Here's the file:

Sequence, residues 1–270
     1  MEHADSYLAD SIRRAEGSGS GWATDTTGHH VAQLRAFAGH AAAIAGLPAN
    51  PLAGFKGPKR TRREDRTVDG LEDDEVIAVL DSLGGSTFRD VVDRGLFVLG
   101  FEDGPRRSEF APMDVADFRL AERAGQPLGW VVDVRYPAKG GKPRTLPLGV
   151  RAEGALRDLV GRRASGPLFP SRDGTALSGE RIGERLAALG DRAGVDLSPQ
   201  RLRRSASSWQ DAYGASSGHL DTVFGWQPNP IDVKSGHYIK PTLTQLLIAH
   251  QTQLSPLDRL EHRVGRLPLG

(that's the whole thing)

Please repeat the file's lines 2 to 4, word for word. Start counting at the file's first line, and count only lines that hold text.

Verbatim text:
     1  MEHADSYLAD SIRRAEGSGS GWATDTTGHH VAQLRAFAGH AAAIAGLPAN
    51  PLAGFKGPKR TRREDRTVDG LEDDEVIAVL DSLGGSTFRD VVDRGLFVLG
   101  FEDGPRRSEF APMDVADFRL AERAGQPLGW VVDVRYPAKG GKPRTLPLGV